Here at Lali we celebrate ALL people, value diversity and inclusivity. While these are values we hope to aspire to year round, June is Pride month so we spoke with our friend Robin to help educate and gain another perspective of parenthood. Robin talks with us about family life with his partner Jason and raising 2 daughters in Chicago.
What is something you wish you had known about parenthood?
The one thing no one seemed to talk about is trimming newborn fingernails. That was the scariest part for me. People talk about sleep schedules and diaper changes. Trimming newborn fingernails has all the tension of trying to deactivate a bomb.
What is something you are glad you didn't know about parenthood?
I knew that some babies struggled with sleeping. Our first daughter was relatively easy. I had heard of "arms sleepers," and assumed that it just happened to overly attentive parents. I was wrong. Our second baby could not fall asleep unless she was being held, and she would not transfer to the crib. Obviously, she's better now, but I can still see traces of that neediness in her personality now. She's a pretty bossy 4 year old. Her sister is a pretty passive 8 year old. They show you who they are from the beginning.
What is your favorite thing about your girls and wish for their future?
Our kids have big personalities and a lot of talent. Ivy (8 y/o) is a gifted artist for her age. She is a proud Autistic, and has several remarkable Autistic gifts. She could memorize Shakespeare when was 2, just from listening to me. Anya (4 y/o) charms everyone she meets. She starts conversations with strangers at the grocery store, and she treats her classmates like celebrities, announcing each one as they show up to preschool and dance class, giving them each a hug. Both kids are very funny, and very loving.
How do you teach your daughters about inclusivity?
A lot comes down to school choice. Does the school care about diversity and inclusivity as much as we do? We found an EXCELLENT elementary school. They teach cultural diversity all year, and they even have an LGBTQ equity week. But, more important than teaching, the racial and ethnic make up of the staff and student body is very diverse. There aren't many same-sex parents, but that's to be expected. We are all pioneers; us and the majority of same sex parents. It is becoming much more common, especially since same-sex marriage became legal. This opened a lot of doors, in regards to legality. It's easier to adopt or get pre-birth orders for surrogacy when you're married.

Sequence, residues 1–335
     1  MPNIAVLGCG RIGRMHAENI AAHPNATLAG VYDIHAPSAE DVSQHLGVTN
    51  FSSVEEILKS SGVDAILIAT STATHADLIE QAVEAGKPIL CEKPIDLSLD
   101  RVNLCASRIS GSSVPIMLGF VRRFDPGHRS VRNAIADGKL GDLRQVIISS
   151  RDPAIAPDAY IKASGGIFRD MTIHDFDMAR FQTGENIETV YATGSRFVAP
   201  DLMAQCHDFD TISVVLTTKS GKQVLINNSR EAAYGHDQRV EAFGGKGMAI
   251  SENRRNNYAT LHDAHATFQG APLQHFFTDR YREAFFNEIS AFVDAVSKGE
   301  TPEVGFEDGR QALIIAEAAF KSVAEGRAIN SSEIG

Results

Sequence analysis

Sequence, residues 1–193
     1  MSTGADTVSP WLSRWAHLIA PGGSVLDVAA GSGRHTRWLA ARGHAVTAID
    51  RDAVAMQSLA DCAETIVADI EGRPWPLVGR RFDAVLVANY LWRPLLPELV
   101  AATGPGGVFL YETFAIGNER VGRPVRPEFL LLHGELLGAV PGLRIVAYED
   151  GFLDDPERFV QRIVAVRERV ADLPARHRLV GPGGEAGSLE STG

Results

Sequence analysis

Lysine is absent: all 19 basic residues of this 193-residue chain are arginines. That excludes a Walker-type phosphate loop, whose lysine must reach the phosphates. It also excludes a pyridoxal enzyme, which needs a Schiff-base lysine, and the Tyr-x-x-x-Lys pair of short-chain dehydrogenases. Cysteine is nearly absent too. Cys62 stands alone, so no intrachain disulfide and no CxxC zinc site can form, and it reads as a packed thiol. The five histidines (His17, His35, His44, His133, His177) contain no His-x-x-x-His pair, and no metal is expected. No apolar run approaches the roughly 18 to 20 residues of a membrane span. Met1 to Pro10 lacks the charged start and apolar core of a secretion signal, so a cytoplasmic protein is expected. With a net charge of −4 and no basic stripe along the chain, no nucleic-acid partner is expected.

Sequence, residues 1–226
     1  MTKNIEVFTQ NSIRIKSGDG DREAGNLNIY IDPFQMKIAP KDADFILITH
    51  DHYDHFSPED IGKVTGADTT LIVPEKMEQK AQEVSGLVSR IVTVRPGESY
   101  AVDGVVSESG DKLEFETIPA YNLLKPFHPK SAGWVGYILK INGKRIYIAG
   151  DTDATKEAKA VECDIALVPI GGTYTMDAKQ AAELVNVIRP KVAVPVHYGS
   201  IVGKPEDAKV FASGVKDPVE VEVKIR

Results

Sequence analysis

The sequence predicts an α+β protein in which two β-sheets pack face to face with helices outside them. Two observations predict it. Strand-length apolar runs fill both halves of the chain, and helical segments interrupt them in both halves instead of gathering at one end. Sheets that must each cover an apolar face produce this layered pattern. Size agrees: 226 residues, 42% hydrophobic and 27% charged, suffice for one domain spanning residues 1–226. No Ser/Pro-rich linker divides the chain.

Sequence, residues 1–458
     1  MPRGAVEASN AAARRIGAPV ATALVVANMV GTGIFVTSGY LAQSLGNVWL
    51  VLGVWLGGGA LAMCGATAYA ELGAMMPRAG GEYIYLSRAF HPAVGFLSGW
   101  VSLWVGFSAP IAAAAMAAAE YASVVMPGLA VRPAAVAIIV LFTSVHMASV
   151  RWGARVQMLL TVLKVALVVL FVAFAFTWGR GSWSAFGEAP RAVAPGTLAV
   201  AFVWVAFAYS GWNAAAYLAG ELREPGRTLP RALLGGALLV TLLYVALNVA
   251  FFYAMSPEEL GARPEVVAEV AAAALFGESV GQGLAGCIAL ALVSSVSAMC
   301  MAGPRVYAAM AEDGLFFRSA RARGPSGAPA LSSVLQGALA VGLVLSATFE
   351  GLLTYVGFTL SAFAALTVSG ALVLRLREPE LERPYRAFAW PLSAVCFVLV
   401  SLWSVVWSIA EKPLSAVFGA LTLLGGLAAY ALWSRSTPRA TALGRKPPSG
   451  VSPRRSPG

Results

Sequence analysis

For families who are not are around LGBTQ+ community, do you have any recommendation on books and activities?
It's a very interesting journey. There are a bunch of books with same-sex parents: Stella Brings Her Family, Daddy, Papa & Me, Two Daddies & Me, etc. We didn't have these books when Ivy was born, in 2014. They may have existed, but we didn't know about them. So, I went through books with straight parents, and used white-out and a marker. The best book for all young kids is The Family Book, by Todd Parr. They should have it in every Kindergarten classroom on the planet. It's short and simple, and it basically says that there are all types of families, and that is something to celebrate.
Lastly, is there anything you would like the community to know about gay parenting?
I have received so many well intended Mothers Day well wishes. I love the love, but no. We are not doing "both jobs" or "being both mother and father" to our children. We are both fathers and we both provide for and nurture our children. We both cook and clean. We both show up for events and first days of school. By not dividing parenting tasks by gender, our children will never feel limited by their gender. This is a great advantage to having same-sex parents. Also, we have the luxury of not having to worry about accidental pregnancies. If you see same-sex parents, you need to understand how much they went through. Personally, we had to undergo, psychological evaluations, physical examinations, multiple court appearances, and we both worked 2 jobs each just to raise enough money to get to the START of the pregnancy. We are very lucky, but we also had to work so much harder than most people. Part of me doesn't wish that experience on anyone, but another part of me wishes everyone had to go through the exact same process in order to become parents.